Whatever the motive behind his stroke, God, in his sovereignty, had the story result in a lost ear and Christ’s well known saying, “Put your sword back into its place. For all who take the sword will perish by the sword.” What’s less well-known, however, is the next phrase, “Do you think that I cannot appeal to my Father, and he will at once send me more than twelve legions of angels? But how then should the Scriptures be fulfilled, that it must be so?” (Mt. 26:52-54). Beyond that fact that Christ denounces violence as a means of forwarding the gospel message, Christ makes it known that he is going to the cross willingly. While I admit that hindsight is 20/20, perhaps if Peter had spent the time praying alongside Jesus instead of sleeping, he would acted a bit more in-step with what God was doing.

Peter’s experience teaches us a powerful lesson we’d do well to remember in the future. When we try to take matters into our own hands and deny God’s sovereignty, we act in ways that aren’t to the glory of God. The problem wasn’t that Peter acted, but that Peter acted in a way that was out of touch with what God was doing. He wasn’t trusting in Christ’s divine authority that clearly could have stopped his arrest with legions of angels.

Do you recall a time you took matters into your own hands out of unrighteous fear, anger, or frustration? Was the resultant action out of touch with God’s will and his plan to sanctify you? (cf. 1 Thess 4:3) Unfortunately, I recall many such times. Instead we ought to lean hard into God’s word and abide in Christ. Through our fellowship and union with Christ our will will be aligned with the Father’s as Christ’s will is aligned with the Father’s and our actions will transformed accordingly.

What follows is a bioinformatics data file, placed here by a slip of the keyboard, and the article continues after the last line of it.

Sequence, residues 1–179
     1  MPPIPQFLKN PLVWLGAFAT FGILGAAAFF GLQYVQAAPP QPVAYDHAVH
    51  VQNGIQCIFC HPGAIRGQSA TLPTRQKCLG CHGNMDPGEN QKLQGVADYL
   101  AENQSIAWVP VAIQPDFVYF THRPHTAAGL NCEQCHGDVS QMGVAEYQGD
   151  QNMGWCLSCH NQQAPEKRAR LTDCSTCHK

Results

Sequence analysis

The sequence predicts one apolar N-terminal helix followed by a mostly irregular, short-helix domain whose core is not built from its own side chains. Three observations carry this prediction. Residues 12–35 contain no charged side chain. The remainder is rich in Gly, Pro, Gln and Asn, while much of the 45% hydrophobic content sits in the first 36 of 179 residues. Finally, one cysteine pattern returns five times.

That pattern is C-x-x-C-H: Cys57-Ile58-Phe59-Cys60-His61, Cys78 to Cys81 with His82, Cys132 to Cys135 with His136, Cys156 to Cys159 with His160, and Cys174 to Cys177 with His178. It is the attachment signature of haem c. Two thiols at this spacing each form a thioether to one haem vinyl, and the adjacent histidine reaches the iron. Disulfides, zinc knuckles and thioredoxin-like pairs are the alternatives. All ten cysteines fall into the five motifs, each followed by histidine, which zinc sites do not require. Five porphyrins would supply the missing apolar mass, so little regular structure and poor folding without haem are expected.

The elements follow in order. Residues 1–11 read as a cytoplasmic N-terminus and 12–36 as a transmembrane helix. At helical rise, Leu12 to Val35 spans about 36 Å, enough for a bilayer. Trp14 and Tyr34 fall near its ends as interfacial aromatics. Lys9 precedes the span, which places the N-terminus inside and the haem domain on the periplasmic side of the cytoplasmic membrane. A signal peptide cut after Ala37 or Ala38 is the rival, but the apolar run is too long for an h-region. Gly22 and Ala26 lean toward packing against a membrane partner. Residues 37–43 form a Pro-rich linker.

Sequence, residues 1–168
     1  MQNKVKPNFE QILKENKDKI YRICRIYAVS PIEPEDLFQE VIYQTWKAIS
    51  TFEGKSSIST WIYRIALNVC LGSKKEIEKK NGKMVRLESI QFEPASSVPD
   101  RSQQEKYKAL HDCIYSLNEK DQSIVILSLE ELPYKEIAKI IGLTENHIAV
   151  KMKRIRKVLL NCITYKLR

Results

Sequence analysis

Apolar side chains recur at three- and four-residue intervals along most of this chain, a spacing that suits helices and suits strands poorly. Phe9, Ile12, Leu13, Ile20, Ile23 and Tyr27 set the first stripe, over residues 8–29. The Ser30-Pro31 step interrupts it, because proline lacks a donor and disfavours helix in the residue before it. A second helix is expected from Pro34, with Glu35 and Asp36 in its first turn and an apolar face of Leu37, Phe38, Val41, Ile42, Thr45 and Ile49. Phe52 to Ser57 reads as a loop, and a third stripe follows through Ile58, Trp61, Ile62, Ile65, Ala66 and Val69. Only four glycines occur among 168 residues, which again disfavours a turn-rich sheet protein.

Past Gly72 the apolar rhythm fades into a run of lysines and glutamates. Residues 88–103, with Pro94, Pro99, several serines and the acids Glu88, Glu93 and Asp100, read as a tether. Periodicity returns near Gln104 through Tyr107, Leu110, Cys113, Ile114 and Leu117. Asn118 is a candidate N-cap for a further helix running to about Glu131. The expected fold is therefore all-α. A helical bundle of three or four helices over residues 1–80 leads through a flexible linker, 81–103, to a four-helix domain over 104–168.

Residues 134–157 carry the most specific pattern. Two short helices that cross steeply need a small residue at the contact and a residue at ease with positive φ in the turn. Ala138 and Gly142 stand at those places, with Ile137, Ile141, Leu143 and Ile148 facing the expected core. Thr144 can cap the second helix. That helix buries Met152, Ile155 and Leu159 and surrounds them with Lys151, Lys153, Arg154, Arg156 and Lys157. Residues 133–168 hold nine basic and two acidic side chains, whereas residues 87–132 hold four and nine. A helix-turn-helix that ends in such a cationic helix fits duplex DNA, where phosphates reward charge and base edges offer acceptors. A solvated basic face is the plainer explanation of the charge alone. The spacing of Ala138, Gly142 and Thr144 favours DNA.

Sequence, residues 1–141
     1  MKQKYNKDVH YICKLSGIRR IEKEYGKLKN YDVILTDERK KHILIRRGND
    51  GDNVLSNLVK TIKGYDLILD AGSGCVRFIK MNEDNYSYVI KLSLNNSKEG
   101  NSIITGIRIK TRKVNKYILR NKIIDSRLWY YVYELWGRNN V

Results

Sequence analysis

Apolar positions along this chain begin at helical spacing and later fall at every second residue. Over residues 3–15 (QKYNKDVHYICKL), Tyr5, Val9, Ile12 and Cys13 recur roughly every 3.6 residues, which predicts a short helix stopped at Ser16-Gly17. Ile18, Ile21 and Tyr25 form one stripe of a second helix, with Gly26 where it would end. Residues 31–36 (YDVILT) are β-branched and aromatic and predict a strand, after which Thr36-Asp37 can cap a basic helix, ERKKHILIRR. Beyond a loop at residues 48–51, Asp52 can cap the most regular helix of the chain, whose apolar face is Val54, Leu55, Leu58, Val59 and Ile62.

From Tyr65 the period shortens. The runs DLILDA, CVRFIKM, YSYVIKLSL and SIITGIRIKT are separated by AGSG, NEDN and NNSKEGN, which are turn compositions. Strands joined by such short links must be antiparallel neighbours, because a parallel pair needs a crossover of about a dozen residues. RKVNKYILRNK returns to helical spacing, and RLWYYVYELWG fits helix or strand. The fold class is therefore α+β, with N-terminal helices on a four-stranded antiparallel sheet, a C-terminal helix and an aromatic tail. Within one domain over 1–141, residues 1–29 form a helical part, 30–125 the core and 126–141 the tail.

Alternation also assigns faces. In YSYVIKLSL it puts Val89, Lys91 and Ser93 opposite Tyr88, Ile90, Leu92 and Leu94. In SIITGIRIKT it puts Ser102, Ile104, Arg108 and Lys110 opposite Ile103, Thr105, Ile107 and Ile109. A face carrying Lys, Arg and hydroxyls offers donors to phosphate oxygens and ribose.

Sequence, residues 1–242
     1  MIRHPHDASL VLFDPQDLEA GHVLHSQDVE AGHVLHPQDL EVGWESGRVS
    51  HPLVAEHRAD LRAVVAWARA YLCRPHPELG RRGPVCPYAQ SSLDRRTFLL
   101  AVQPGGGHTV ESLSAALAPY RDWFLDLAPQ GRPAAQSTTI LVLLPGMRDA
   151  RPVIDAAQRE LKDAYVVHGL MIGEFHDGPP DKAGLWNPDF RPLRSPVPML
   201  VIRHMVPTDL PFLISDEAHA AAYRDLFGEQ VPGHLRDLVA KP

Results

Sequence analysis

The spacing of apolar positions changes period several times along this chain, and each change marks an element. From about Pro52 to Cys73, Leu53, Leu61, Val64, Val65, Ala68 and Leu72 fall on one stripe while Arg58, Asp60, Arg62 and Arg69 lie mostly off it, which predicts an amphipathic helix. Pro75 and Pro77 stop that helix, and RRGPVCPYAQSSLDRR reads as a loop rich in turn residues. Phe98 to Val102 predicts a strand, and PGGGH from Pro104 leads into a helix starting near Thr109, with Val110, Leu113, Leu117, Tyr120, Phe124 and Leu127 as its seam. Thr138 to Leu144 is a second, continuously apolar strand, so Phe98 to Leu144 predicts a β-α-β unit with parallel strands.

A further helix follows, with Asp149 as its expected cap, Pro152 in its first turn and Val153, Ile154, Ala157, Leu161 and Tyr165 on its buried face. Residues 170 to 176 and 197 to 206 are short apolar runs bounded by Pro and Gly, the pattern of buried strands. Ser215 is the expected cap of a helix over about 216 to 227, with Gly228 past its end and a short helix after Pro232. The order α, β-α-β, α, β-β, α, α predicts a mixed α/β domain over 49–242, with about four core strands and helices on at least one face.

God is sovereign and God is good, so let us trust him and respond with to our situations with a grace that is reminiscent of the gospel of Christ.

*ESV Study Bible footnotes

The Interesting Circumstances Surrounding Jesus’ Arrest: Part 1

Betrayal and Arrest of Jesus

One of the greatest joys of the Christian life is re-reading Scripture for perhaps the umpteenth time and yet, finding something new. While Scripture and its truths certainly don’t change, we do, and in order to speak to us in our newfound contexts, the Spirit wields his sword (Eph 6:17) to reveal himself to us afresh.

While the Spirit certainly does this through more obscure passages of Scripture that we may re-read every couple years, the Spirit’s work is that much more evident in passages we re-read more frequently such as the arrest, death, and resurrection of Christ.